In Isiolo and the northeastern region, below-average rainfall during October and November has caused depleted water resources and hindered crop production. The community is greatly concerned about the deterioration of already below-average pasture and water resources in pastoral areas, making pastoral livelihoods increasingly unviable. The high demand, high inflation rates, and high transportation costs continue to strain pastoralist communities’ everyday survival. As the drought season extends, we are focusing on preventing migration and keeping children in school.
At Pepo La Tumaini we have been co-ordinating 19 self-help groups made up of diverse members from the pastoralist region. Single mothers, grandmothers, people living with HIV and young parents make up the 315 members. In the last few months they have been engaged in small microfinance projects, loan and savings, and therapeutic support groups. These coping strategies are giving vulnerable members of our community hope to sustain themselves by working together. However, challenges include the increasing reliance on market purchases and high staple food prices due to low local availability following successive below-average harvests.
Community-Led Solutions for Preventing Migration and Keeping Children in School
Pastoralists, nomadic by nature are anxious at the prospect of an elongated period of drought. The worry triggered by memories from the past when women and children suffered extreme hunger and starvation, has been driving them to relocate. Our response has been to strengthen our community networks across our centre points by asking the men and women how best to solve the current problems. We have been supporting them to own their own processes of change by offering guidance and supervision.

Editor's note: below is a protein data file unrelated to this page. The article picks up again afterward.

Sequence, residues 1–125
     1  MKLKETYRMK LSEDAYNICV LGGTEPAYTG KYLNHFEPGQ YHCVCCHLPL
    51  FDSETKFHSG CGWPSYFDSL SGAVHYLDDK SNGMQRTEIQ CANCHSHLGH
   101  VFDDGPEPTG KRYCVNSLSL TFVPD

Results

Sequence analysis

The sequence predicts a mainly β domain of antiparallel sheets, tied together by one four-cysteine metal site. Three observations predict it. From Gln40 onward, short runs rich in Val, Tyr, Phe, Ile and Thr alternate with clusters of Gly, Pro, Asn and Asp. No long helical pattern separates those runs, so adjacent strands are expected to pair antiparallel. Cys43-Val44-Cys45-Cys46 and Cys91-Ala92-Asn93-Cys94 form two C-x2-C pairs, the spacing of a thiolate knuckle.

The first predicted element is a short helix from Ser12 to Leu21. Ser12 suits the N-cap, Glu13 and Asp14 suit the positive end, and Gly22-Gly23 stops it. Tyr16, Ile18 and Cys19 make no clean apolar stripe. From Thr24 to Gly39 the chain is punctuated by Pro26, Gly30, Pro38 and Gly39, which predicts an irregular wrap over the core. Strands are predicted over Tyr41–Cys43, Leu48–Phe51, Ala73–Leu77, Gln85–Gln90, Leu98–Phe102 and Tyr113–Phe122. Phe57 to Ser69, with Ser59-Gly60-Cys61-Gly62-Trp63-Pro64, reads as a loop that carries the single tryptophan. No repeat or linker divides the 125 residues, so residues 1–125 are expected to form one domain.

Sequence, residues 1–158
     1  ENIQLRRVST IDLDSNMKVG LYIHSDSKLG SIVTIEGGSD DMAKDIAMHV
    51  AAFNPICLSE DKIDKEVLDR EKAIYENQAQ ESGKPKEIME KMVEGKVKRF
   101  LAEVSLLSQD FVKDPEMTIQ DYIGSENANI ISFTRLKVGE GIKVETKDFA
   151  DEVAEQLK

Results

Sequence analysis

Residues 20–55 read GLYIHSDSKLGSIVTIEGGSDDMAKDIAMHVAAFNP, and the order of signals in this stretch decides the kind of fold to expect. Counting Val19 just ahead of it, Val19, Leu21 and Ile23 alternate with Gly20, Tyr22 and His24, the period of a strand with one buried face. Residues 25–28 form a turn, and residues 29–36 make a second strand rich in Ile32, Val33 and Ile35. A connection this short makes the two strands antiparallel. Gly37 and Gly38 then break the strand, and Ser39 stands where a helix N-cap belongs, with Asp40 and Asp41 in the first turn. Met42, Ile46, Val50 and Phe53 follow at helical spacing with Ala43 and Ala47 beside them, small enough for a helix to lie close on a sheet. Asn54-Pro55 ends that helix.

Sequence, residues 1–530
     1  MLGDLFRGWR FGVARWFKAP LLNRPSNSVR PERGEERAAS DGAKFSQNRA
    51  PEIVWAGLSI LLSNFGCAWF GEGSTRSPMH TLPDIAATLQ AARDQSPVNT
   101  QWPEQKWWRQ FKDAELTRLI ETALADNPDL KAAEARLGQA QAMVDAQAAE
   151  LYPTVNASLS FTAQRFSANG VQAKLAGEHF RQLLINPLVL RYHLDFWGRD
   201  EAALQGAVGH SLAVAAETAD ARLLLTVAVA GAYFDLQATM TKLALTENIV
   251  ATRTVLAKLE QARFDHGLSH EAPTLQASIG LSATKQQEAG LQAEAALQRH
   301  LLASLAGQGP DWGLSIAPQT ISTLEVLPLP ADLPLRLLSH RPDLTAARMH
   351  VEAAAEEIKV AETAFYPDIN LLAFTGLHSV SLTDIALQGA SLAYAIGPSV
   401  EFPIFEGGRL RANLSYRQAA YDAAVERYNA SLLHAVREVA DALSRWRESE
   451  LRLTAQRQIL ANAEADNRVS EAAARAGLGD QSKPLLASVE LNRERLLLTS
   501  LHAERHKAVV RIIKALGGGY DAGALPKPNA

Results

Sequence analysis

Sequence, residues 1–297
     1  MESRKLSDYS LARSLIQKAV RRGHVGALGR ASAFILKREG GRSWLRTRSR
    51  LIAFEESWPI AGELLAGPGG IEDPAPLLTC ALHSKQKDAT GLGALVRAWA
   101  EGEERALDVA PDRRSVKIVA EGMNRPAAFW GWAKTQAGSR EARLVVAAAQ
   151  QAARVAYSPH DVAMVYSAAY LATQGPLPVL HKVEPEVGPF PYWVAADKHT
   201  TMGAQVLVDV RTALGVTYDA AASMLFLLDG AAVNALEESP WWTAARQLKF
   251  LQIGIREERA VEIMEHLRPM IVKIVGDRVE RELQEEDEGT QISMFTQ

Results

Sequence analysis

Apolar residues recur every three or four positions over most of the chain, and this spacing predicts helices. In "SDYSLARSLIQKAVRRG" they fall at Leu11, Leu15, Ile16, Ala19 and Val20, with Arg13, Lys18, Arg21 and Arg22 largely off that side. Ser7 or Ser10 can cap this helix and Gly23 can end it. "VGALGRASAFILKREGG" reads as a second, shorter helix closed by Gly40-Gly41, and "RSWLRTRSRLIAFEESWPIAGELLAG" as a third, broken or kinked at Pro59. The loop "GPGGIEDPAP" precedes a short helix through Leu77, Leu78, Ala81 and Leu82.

Through conflict resolution and peace-building meetings, we have enabled the sharing of water sources for the poor and marginalised families in crisis. We have also extended our family feeding programme to include those most severely affected by the drought. While we are aware that food packages bring only temporary relief, in times of crisis such as this, survival becomes a priority. The increased support at household level has helped to enable traditional homesteads to cooperate for shared resources while children stay in school.